A few years ago, Zimbabwean men would go to neighbouring countries like South Africa and Swaziland for female strip tease shows.
But today those who follow canal desires need not look further than nightclubs in Zimbabwe. Although this phenomenon is considered taboo in our conservative nation, the likes of raunchy, sexy and naughty controversial like dancers Beverly Sibanda aka Bev and Zoey Sifelani aka Zoey have popularised the nightclub pole dancing and strip tease industry as evidenced by their countrywide tours.
In Harare nightclubs, high density areas have also caught up with the stripping craze and they are reportedly popular with patrons. Strip tease is permissible under Zimbabwean law and those who ply the trade are required to acquire a certificate from the Censorship Board which allows them to strip tease in public. In this struggling economy, some club owners have capitalised on the demand for this strip tease which patrons say is an addictive aphrodisiac.
We recently caught up in a strip tease show at a Harare Club, Hollys, which is located downtown. The club in downtown Harare was packed to the brim notwithstanding the fact that it was mid-week.
They have two juxtaposed clubs, the stripping area is called the private lounge where you have to part with five dollars(or more depending on the day of the week) and the other bar which is ‘filled’ with ladies of the night selling their wares and regular patrons interested more in dancing.
Enquiries established a night of passion with the thigh vendors will cost you an average of 30 to 50 dollars, with some cheeky, ‘premium’ ones demanding up to even a $100, that is if you are interested in a special, customised package.
A single session popularly known as short time will set you off five to ten dollars.
As for the Private Lounge, men and women of different ages turned up to see young women strut their stuff and strip to their birthday suits. And hey, men are also stripping!
The show begins with at least two girls strutting their stuff on the ramp while covering their private parts, only leaving nothing else to imagination. All eyes are glued to the stage where the strippers gyrate to the beat of the music.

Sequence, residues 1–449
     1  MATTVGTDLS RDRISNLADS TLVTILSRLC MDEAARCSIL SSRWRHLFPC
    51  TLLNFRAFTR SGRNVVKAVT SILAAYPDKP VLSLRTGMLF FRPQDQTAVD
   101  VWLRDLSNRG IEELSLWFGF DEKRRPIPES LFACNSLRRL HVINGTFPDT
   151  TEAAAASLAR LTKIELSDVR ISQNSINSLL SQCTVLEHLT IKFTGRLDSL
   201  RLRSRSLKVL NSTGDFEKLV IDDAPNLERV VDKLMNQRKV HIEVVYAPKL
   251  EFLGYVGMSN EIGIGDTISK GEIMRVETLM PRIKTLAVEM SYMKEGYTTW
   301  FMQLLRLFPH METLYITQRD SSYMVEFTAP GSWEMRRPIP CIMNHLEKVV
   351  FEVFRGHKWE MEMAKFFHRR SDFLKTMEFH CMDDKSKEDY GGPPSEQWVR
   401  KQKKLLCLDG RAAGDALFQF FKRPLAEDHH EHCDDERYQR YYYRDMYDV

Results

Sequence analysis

The second phase of the show sees the strippers off stage, dancing close enough to the patrons so that they can have a closer view.
Well-healed patrons can at that moment pay the strippers for a lap dance but without any physical contact. So popular are these shows that they draw people from all walks of life ranging from the vendors to business executives.
However, with all the excitement that ensues during these shows, many rules are broken and the consequences are usually dire. Last year, two strippers, Brenda Chitsiga and Candice Namatika were hauled before the courts for contravening the Censorship and Entertainment Control Act.
They had pulled a male patron onto the stage and started performing raunchy dances contravening the Entertainment Control Act, which prohibits physical contact with fans.
A stripper who was interviews said it was difficult to avoid physical contact when performing a lap dance.
“We usually perform these acts when we are drunk and when you are intoxicated, it is difficult to control your actions,” the 20-year-old stripper said.
A male patron at a Harare club said attending such shows had become part and parcel of his everyday routine. “This is the only club that is alive and kicking during the week. I always make it a point to come here before I go home. It’s addictive, I just can’t do without it,” he said.
The man who said he was 45 said he, however, did not take his addiction outside the club. “I am a regular here but I only come to watch and I do not entertain the strippers outside the club because I have a wife at home,” he said.
One of the strippers, however, said that some of the patrons were romantically involved with some of them. “My sister introduced me to this business, her boyfriend is a regular here,” she said.
This reporter also observed an elderly white man entering the club. As soon as he entered, a young stripper donning a glittering silver tiara immediately left the stage and hugged the man. She immediately went back on stage and continued dancing.
When this reporter caught up with the stripper who had an eye ring and very dark make-up and called herself the “Queen”, she confessed the elderly man was her boyfriend.
The form of entertainment began as far back as the days of Tapiwa Matangaidze’s Oblivion club. Peter Mubi’s Londoners’ strip tease would, however, begin late at night around 10pm but these days one may even find strippers strutting their stuff as early as 6pm.
But the flip-side of the increasingly popular form of entertainment is that it is also associated with the mafia and trafficking. In Eastern Europe, where strip tease is popular, girls from poor backgrounds usually ply the trade and are easily manipulated owing to their economic disposition.
The other flip-side is that strip-tease can make one a millionaire if what has become of the likes of Lolly Jackson is anything to go by.
Culled from iHarare